Wednesday, 20 May 2009
I love it. I hate it.
It moves me. It inspires me. It pains me. It angers me.
And, as you know only too well, I don't shut up about it.
Of course I know few care about politics as much as I do. But I avoid people who don't care at all. I don't want their friendship, I don't want their time. And that's not because I am an intellectual snob (ok, maybe a little) but because of two fundamental and interconnected beliefs I hold: 1. politics is everything and 2. only fools fail to care about what doesn't immediately concern them. Because only a fool feels sheltered from bad things happening elsewhere or to other people.
Let me explain.
There are people who think that politics equal elections and tax reform, parties and prime minister's question time. Of course all this is politics but everything else is politics too. Nobody is outside it. School curricula, bus routes, pub opening times are all political and not just because they are regulated by law, policy and institutional practice. Whether you can buy fags in the supermarket, enjoy a late-night pint, adopt a child, sign your child out of school, buy a house with a partner, have a duvet day and take your boss to HR for being a bully boils down to politics. Politicians may not be involved but policy, principle, communal action and public negotiation are involved and that makes all of this political. You call it what you like. It is politics to me. If it entails the ordering of public life, the negotiation of social interactions and the matching of realities to ideas then it is political. So everything is political and politics is everything.
On the second issue. Well. I've already said that I believe that the ability for reflection, abstraction and compassion is what singles humans out from the rest of the animal kingdom. We can see the significance of things that don't directly affect us. We are capable of caring for and about things taking place outside our own backyard. Some times we choose not to care. But we still have the ability.
Well, when it comes to choosing my friends, an ability and propensity to care is something of a clincher.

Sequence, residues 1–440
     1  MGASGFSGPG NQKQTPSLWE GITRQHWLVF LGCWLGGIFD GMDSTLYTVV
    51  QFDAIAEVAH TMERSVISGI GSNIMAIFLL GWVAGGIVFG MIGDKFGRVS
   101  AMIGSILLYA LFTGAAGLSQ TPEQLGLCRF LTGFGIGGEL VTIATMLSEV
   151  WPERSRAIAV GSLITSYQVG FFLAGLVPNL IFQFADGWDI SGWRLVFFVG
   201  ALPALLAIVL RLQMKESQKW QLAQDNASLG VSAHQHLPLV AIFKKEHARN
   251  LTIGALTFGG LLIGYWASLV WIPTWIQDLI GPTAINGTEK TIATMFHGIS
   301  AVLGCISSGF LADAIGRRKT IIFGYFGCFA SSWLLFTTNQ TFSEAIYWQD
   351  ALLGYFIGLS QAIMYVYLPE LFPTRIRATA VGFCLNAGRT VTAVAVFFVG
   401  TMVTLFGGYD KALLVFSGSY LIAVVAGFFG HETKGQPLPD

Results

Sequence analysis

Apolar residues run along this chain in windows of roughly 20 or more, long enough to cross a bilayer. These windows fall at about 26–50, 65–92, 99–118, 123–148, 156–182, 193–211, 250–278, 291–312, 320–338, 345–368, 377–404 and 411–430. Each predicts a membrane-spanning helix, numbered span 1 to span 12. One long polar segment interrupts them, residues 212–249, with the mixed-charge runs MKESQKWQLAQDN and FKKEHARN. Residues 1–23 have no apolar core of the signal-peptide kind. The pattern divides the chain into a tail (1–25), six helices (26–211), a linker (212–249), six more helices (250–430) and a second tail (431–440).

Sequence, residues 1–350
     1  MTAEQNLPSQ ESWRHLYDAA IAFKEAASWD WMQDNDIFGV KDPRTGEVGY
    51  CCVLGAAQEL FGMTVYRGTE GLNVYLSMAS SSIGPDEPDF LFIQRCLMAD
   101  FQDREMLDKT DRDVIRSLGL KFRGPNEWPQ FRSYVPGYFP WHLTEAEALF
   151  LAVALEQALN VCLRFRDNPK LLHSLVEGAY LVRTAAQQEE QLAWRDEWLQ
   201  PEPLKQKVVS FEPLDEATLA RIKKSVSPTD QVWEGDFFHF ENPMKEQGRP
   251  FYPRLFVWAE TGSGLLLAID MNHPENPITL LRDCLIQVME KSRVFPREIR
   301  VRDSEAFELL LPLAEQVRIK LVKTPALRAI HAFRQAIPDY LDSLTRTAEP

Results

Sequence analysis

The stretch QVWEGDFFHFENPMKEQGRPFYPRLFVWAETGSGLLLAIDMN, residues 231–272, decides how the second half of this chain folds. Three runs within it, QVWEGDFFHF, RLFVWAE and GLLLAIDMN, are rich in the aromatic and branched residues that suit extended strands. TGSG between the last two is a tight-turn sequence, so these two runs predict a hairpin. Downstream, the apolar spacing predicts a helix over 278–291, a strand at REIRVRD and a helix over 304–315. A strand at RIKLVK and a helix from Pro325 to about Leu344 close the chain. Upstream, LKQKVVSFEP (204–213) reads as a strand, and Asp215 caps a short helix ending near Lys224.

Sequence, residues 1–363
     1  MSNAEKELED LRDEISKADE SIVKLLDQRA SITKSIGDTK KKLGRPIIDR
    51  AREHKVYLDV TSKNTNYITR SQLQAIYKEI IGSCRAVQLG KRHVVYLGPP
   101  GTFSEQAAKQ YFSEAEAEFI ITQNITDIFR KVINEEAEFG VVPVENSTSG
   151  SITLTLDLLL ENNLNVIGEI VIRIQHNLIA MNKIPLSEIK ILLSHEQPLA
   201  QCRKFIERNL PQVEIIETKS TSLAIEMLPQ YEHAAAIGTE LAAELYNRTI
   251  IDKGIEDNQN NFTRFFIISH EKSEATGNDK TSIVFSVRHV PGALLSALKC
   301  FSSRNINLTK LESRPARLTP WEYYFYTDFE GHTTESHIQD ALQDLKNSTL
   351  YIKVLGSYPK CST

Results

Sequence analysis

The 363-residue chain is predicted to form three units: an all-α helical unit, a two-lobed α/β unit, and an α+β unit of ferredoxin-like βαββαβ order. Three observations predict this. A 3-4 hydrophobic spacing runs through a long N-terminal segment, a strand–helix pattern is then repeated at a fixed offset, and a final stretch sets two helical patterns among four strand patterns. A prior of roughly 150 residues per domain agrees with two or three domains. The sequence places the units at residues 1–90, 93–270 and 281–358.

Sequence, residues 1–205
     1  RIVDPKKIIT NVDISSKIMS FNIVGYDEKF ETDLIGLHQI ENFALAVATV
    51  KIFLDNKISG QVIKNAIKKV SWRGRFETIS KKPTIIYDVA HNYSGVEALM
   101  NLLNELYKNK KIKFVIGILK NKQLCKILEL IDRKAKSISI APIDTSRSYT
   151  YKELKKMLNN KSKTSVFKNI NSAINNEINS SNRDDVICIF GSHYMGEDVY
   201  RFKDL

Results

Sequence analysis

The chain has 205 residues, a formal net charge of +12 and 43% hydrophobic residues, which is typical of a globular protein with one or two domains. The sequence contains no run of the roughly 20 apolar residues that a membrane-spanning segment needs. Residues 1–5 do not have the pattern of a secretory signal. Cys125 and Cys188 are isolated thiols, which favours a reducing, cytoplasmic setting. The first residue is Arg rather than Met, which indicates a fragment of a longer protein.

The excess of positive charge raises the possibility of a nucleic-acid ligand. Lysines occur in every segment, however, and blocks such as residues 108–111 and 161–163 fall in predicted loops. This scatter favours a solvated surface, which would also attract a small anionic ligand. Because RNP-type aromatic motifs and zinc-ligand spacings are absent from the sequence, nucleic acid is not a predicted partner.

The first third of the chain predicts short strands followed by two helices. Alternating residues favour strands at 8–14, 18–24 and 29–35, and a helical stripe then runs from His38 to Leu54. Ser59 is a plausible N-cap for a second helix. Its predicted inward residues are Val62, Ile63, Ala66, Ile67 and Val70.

So it has come as a huge shock to me, how many of my own friends in Greece don't care.
But they don't.
They care about the civil war in Sri Lanka being over and civilian deaths in Pakistan proliferating. They care about Darfur and the fact that Palestine is still not at peace. They care about Guantanamo Bay. They care about the British MPs' expenses scandals. They care both about the what and about the why. And they care about the implications of all that they care about.
But try talking to them about Greek politics and they talk to you about Sakis and the Eurovision.
Yes they know things on the political front are bad. They know. A boy standing trial only yesterday for wearing green shoes, a man being attacked by a flower pot (the police find ever more creative ways of dismissing injuries suffered during interrogation or arrest) and parliament being shut for 5 months so it doesn't get in the way, yes they know all these things and they know how bad they are. And they know why they are bad. But they don't want to talk about it. Or do anything about it.
And why not?
Because they are tired. And bored. And feel they've seen it all before. Which I guess they have to a certain extent. But that makes it worse, not better.
But because people are jaded and care less; because they don't expect anything good from their politicians; because corruption and ineffectiveness surprise no-one, these have become the baseline that politicians work from.
When expectations are below zero it's almost impossible to truly disappoint. So politics is no longer about ideas, policy or persuasion, it's not even about compromise and image management. The voters expect nothing between elections so the politicians deliver nothing between elections. Instead they focus on the game at hand – securing power, getting pay-offs, getting re-elected.
Politics has become a binary game of election/non-election for those playing it: did I get in? Doesn't' matter how many votes I got or how I got them, I'm in. Is my party in power? Forget about protest voting, the narrowness or margins and political intimidation. Forget about mandates and policy promises. Forget about pressing problems. Did we get in?
Yes/no, black/white – binary.
Only politics is not binary. It is convoluted and multi-faceted, complicated and multi-layered, nuanced and always capable of as many possible endings as there are people on this earth. So politics, the activity of negotiating public life, only works if we care enough to acknowledge its complexity and seek compromise.
Our politicians don't – they've gone binary.
And more and more people don't – they are as tired as their prime minister it seems.
So what are we left with?
An ever-plummeting benchmark of acceptability: it takes more and more to shock us so there's forever more the politicians can get away with before we will go 'hold on a minute buster'.
First I thought all the scandals would do it.
Then I thought the runaway police and colluding judicial system would do it.
Finally I thought closing down parliament would get people on their feet.
People are blasé, tired, bored.
They expect little so when they get little they are not surprised.
A pretty sweet deal if you are a politician I guess.
But for the rest of us it's a pretty dangerous place to be, a dangerous thing to have given away, a slippery slope without crash barriers.
Because if you were a politician and you did get away with all this, wouldn't you find yourself wondering what else you can get away with?